On the day before the Labor Day weekend, the White House released the President’s latest “National Preparedness Month” Proclamation. Like last year’s, the proclamation employs the term “resilience” and even coins a new phrase, “the spirit of resilience.” While comfortable with continually repeating the word “resilience,” the White House remains unwilling to act to establish resilience as the nation’s preparedness objective and daily operating condition. Rhetoric is not results. The repeated use of the word “resilience” will not build a resilient nation.

Like its predecessor, which called for “families and communities to be resilient through times of hardship and to respond to adversity in the same way America always has – by picking ourselves up and continuing the task of keeping our country strong and safe,” the latest proclamation demonstrates a decidedly defensive and resilience-free mindset. Its content is void of even a call for continuous innovation in national preparedness, much less implementation of operationally proven resilience-based preparedness solutions.

Among other conditions, the continuing absence of national resilience is evidenced by:

  • The growing consequences inflicted by the continuing failures of America’s protected infrastructure(s);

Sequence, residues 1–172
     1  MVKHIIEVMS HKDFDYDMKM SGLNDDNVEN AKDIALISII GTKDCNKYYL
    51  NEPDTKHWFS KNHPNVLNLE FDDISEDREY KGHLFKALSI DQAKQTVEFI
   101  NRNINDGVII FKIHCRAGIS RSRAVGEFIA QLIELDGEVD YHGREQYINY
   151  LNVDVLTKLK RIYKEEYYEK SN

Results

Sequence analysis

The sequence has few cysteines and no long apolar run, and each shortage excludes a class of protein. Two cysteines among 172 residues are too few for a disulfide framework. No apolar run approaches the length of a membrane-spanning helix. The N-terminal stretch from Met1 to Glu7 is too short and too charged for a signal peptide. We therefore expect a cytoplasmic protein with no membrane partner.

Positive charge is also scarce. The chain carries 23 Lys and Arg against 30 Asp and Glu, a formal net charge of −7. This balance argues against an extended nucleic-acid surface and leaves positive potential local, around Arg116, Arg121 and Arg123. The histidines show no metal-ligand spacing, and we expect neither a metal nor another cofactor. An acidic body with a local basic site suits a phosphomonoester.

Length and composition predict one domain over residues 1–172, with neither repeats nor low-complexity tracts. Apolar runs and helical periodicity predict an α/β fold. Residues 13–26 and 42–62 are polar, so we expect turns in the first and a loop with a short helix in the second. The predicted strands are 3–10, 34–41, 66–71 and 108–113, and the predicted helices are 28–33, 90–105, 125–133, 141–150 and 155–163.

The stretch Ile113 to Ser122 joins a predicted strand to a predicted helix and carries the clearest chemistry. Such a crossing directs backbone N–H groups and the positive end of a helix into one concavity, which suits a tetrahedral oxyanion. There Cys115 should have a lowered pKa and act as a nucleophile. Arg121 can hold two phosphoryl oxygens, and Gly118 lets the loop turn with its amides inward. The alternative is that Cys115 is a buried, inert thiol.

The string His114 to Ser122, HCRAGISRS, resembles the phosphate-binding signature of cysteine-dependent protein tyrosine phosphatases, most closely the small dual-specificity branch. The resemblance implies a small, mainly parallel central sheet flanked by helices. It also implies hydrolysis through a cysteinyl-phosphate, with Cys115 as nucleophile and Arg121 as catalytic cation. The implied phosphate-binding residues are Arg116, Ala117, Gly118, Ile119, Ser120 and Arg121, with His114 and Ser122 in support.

• Repeated warnings of impending doom from cyber predators; and
  • Calls for presidentially mandated cyber standards to halt global, technologically driven/speed-of-light threats to America’s highly exploitable infrastructures and every American reliant upon them.

Recent compromises of America’s offensive operations in cyberspace have only made a steadily worsening infrastructure situation terrible. The apparently deliberate disclosures of some of America’s most sensitive cyberspace operations must (among other consequences) be viewed as having provided legitimacy to the activities of and consequences wrought by global cyber predators.

Even while acknowledging them in the Proclamation, the Administration’s rejection of the lessons of history is clear. Its continuing unwillingness to learn, continuously adapt and authentically apply nationally unifying, operationally proven resilience-based methodologies, metrics and technologies to preempt consequences, is best described as National Preparedness Half-Measure, maintenance of the status quo, and irresponsible. Ronald Reagan said it best: “Status quo you know is Latin for the mess we are in.”

Jeff Gaynor blogs on critical infrastructure and national resilience. Read More